Showering and dressing for the beach day, but in the midst we must carry dreams into daytime. Last night's dream showcased a long-ago apartment with faces past -- a new sequence to document after waking.
Had to do it right away -- at the Bridge Conference last week, Bryan Dodge repeated the law of diminishing returns: "What you don't do in 48 hours, you will not do!"
Certainly putting off writing dreams, grants, and blogs this morn would be forgivable before driving "down the shore," but what excuse will there be tomorrow? Early morning (per another Bryan Dodge quote: "Get up when you wake up") allowed time to write the dream, type objectives for a grant proposal's letter of intent, and type a blog (posting now because internet was down).
As for literal dreams: why write them down? Several popular authors (J. K. Rowling, Stephanie Meyer?) have supposedly pulled story ideas from dreams. Even if those legends are false, and even if a dream isn't worth a story, dreams can still have deep meaning. Once on paper, a dreamer can search online dream dictionaries in the waking hours for interpretation. A good friend (or my sister) may be an amazing interpreter. If you are spiritual like the Josephs and Daniels of old, you may receive divine revelation or prophecy.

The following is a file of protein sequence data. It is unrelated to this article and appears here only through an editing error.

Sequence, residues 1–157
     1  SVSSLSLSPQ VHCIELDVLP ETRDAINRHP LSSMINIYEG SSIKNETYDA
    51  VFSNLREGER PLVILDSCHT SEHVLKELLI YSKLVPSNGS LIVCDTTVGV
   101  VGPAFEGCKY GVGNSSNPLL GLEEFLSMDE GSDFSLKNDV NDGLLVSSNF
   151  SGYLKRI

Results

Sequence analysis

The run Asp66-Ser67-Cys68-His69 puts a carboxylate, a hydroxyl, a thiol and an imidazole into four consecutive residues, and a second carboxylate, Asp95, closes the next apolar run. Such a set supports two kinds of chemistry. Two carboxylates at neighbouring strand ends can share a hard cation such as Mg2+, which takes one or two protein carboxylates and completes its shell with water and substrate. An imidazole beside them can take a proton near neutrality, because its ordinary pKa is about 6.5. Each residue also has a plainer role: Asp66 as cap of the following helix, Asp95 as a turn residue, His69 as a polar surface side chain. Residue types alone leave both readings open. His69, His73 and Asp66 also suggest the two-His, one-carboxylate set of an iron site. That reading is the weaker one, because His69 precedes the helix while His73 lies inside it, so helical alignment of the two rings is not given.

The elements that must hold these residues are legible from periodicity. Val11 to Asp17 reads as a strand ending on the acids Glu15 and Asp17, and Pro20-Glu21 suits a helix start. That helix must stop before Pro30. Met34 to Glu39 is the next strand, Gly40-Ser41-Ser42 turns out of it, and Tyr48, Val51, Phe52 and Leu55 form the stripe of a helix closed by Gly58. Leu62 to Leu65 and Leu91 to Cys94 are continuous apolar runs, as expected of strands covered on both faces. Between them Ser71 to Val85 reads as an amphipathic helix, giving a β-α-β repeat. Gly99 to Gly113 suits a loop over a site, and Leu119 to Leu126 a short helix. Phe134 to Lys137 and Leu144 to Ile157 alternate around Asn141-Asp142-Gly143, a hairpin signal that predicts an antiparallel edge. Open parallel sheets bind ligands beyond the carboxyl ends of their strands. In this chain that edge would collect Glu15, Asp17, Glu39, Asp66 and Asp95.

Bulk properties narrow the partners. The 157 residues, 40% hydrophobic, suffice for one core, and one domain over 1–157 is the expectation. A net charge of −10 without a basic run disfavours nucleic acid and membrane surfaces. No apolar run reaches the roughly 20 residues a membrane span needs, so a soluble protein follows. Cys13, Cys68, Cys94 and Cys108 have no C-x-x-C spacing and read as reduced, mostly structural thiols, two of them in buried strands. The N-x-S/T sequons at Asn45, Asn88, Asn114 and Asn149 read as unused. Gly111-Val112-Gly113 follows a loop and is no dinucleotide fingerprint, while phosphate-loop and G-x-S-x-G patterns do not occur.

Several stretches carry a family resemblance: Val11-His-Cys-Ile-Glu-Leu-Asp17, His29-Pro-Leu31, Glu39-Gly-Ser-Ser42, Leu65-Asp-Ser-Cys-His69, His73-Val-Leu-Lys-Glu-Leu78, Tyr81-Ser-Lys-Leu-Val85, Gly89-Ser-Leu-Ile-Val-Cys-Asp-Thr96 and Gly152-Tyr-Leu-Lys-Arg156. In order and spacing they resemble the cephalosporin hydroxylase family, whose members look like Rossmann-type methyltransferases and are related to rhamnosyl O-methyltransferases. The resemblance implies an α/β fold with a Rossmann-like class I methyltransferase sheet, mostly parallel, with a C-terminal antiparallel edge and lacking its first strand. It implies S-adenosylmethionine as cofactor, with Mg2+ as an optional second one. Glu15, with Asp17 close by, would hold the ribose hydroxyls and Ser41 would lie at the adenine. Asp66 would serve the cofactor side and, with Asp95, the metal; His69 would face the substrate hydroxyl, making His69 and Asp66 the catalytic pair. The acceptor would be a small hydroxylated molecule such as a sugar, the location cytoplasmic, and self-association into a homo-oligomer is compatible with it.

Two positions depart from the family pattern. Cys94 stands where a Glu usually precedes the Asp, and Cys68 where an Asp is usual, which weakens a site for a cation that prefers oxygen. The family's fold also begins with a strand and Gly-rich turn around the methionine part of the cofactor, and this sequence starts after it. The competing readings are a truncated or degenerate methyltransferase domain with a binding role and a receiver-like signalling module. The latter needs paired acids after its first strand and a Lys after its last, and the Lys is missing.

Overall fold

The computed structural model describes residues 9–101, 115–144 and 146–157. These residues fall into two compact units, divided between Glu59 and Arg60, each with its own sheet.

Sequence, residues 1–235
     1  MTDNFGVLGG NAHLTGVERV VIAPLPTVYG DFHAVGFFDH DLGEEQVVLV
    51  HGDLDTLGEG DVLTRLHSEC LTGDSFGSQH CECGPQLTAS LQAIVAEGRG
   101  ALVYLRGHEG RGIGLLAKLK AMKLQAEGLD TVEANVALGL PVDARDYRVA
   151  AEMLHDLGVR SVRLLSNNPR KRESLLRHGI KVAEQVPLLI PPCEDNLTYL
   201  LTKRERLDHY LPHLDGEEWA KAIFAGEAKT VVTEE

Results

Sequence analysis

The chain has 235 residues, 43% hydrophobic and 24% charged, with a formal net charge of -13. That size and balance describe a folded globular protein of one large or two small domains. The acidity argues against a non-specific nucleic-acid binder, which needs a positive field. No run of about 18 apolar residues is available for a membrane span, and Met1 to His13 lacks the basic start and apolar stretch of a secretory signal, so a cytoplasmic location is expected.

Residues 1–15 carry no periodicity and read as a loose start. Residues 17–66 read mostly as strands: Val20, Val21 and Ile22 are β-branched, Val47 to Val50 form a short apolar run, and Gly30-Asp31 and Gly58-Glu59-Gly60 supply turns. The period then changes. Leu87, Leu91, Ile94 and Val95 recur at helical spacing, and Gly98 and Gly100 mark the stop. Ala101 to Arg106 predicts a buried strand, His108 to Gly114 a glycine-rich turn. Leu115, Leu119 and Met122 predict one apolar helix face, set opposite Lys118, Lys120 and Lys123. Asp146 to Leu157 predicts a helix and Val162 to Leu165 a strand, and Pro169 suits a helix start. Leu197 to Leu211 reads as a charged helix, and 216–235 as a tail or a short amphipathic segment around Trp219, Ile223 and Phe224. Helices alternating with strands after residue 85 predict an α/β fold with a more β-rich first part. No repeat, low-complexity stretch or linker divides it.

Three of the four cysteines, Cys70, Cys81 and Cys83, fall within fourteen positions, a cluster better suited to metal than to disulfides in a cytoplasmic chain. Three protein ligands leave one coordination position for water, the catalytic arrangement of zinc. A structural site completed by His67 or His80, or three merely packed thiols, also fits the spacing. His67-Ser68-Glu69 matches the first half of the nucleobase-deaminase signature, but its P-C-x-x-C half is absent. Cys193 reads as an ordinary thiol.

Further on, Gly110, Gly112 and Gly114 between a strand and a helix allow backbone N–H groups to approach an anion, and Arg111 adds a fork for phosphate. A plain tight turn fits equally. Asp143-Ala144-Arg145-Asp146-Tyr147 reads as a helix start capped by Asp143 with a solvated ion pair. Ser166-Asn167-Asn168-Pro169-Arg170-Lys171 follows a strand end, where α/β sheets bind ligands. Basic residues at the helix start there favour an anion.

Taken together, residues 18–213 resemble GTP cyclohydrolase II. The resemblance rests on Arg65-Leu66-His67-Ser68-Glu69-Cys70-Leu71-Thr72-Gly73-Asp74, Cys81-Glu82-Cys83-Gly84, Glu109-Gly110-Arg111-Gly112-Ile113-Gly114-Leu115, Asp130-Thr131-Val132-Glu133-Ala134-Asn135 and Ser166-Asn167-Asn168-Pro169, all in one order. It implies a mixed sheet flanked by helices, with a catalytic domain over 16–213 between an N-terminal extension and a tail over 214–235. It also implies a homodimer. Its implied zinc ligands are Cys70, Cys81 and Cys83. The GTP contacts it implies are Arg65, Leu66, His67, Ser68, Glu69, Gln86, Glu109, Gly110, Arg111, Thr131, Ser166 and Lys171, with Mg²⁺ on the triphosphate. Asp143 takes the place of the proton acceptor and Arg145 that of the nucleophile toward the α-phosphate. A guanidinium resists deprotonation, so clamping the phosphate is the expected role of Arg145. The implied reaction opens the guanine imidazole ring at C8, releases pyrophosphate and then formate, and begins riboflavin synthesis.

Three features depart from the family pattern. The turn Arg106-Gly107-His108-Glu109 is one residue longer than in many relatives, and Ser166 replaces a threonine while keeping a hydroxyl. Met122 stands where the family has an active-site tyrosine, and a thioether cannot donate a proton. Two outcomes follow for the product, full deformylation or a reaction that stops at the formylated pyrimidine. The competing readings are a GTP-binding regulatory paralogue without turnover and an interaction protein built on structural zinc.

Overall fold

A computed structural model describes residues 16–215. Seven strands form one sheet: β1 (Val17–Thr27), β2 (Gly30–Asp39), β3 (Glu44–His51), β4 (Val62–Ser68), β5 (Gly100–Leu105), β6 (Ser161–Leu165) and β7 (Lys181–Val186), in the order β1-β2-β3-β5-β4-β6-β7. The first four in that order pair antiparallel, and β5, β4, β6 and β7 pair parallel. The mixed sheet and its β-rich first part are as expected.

At any rate, bring all dreams into day!
Dusting off Our Generation's Dreams
For our larger dreams: friends and family my age are pianists and artists and novelists -- skilled and trained. Still, I see all of us leaving the dreams our brain's dusty cellar shelves. Occasionally we pull the string to the dangling yellow light and dust off the dreams, but rarely do we pull them into the light of day, every day, until they are no longer dreams but living beings.
Is this true of our whole generation?
My basement holds paintings and sculptures too numerous to display, created by the very same grandmother and grand-aunt faces past that I dreamed of last night -- some painted in the 1930s and 40s! On my piano sits music past down from my great-aunt, a Julliard-trained pianist who played concert halls.
Did they dream bigger than we do? When will we carry these worn dreams into the daylight?